The street called Boggo Road got its name from the fact that it ran to a district of southern Brisbane that, in the 19th century, was known unofficially as 'Boggo'. This area approximately covered the modern suburbs of Fairfield, Yeronga and Rocklea, as far east as the current Ipswich Road. This name was mentioned in newspapers in 1851, and may well have been in use among the European arrivals during the 1840s.
The road itself developed during the 1850s as a bullock track winding from the One-Mile Swamp (Clarence Corner). It has been suggested that it was called Boggo Road because it became very boggy in wet weather, but then dozens of other roads around Brisbane would have been just as bad. Another theory is that Boggo (or 'Bloggo' or 'Bolgo') was a corruption of an Aboriginal word meaning 'two leaning trees', and that the road was named after two prominent trees at either One-Mile Swamp or what is now Wilkins Street, off Annerley Road. The name Boggo Road was not mentioned in newspapers until the mid-1860s.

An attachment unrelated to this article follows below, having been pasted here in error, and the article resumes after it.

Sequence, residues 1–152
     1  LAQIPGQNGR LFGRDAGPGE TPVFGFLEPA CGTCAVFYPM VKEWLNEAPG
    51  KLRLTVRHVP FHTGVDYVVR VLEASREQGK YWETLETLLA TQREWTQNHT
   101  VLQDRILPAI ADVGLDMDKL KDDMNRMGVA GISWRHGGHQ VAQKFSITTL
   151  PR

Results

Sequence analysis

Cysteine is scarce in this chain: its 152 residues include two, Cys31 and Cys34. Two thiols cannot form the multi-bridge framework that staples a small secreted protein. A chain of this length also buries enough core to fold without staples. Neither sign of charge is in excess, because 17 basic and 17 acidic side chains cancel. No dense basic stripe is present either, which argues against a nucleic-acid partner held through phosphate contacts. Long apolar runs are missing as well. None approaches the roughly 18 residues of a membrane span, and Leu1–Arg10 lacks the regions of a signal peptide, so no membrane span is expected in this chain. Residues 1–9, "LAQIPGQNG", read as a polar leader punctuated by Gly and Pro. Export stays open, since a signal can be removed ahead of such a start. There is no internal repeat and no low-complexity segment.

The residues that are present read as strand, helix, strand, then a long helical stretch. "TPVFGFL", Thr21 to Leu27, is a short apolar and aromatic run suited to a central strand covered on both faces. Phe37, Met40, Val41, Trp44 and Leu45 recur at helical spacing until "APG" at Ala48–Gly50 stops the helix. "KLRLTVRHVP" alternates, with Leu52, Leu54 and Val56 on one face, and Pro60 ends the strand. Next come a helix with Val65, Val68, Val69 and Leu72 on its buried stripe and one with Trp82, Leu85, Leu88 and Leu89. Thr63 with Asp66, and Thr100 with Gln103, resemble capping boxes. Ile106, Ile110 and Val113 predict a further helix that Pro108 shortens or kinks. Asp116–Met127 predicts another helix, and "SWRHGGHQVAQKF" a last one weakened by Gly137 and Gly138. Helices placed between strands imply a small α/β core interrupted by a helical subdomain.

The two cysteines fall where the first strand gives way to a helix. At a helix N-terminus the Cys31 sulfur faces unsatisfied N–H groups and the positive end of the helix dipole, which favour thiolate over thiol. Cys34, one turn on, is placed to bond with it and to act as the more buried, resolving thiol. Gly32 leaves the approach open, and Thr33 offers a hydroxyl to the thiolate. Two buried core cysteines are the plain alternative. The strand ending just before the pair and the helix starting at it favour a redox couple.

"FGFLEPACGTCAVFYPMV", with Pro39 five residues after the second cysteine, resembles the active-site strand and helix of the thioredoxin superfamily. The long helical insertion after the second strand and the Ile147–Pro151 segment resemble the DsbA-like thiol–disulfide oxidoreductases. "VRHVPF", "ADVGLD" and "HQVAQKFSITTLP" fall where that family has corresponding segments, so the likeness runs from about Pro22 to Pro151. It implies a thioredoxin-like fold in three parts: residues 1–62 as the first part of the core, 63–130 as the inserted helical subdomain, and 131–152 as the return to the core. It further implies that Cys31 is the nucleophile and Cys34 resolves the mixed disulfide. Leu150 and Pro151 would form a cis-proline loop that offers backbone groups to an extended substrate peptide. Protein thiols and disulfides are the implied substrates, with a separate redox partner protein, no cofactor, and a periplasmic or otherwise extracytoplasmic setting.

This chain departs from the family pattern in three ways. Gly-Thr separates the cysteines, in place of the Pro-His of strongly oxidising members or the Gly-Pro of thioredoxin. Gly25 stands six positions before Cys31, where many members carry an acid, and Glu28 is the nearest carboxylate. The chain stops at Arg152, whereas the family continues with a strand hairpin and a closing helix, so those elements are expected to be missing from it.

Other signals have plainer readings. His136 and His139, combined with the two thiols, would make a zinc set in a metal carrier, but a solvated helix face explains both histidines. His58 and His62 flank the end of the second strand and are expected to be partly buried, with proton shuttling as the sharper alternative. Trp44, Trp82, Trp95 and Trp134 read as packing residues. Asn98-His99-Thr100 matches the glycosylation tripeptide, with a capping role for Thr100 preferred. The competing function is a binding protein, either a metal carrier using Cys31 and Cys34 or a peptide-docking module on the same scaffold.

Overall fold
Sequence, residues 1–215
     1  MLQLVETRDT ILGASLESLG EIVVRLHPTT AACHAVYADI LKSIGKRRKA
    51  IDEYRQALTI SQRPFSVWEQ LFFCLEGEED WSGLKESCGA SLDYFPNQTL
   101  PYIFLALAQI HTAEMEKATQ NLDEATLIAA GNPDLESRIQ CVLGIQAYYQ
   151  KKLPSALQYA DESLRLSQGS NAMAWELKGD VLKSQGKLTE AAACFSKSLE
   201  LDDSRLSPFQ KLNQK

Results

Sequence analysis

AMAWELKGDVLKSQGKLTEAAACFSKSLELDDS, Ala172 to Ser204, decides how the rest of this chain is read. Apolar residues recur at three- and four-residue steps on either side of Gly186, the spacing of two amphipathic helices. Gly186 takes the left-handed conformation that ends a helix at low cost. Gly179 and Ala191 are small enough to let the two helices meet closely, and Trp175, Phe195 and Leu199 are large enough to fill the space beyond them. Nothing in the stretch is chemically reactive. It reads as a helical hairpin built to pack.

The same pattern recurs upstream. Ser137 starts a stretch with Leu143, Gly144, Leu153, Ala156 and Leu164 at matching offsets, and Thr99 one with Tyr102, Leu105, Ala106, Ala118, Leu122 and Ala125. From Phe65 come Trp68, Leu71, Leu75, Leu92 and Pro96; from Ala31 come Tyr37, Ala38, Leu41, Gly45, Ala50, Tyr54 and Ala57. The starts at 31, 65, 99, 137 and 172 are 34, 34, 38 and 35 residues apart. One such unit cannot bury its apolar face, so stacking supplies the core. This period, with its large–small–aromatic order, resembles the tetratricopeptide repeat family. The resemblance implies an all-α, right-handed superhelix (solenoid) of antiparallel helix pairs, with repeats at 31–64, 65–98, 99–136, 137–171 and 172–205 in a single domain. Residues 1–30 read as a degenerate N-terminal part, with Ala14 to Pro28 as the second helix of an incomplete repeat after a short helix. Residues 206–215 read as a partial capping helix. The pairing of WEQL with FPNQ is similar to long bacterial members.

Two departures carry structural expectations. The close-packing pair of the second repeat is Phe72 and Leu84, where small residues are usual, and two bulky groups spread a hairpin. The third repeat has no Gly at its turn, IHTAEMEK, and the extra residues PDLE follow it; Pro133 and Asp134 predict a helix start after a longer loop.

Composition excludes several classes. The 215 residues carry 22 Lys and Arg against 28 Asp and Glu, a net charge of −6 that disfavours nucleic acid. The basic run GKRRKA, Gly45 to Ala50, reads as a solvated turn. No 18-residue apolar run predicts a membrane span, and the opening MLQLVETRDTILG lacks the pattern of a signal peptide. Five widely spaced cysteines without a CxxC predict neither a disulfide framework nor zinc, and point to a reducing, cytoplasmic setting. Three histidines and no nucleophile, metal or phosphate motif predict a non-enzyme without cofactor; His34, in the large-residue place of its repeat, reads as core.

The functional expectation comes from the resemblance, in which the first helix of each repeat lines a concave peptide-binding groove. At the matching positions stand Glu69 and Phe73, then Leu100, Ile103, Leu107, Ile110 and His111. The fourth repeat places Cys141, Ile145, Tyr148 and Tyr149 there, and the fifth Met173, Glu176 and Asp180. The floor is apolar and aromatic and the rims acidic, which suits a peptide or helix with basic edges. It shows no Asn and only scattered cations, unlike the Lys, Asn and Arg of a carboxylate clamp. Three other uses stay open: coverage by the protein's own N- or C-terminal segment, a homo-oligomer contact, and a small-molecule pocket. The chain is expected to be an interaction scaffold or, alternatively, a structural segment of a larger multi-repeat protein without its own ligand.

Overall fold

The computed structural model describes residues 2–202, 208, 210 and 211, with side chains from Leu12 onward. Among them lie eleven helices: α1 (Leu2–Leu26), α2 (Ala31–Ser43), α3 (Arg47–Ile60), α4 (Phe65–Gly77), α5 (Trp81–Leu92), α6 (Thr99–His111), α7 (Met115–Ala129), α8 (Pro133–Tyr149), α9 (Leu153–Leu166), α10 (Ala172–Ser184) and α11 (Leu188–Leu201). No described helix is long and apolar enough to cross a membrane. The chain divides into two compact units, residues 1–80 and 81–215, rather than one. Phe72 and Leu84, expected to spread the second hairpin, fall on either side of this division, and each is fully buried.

Although the name was never officially designated to the district, other landmarks bearing the name Boggo included Boggo Junction railway station (1884),the Boggo Theatre (1888) and the Boggo National School (1871).The Boggo National School became Yeronga State School in 1886, the Boggo Theatre eventually became the Princess Theatre, Boggo Road was renamed Annerley Road in 1905, and Boggo Junction became Dutton Park railway station in 1914. The use of the name Boggo eventually died out, but to the locals H.M Brisbane Prison was always known colloquially as 'Boggo Road Gaol'.
(Gaol is an old British word, derived from the French, while Jail is the Americanised version. They are pronounced the same way.)
- Christopher Dawson, 'What's in a Name?: The Rise, Fall and Comeback of Boggo', Queensland History Journal, Vol. 21, No. 4, Feb 2011: pp.227-234.
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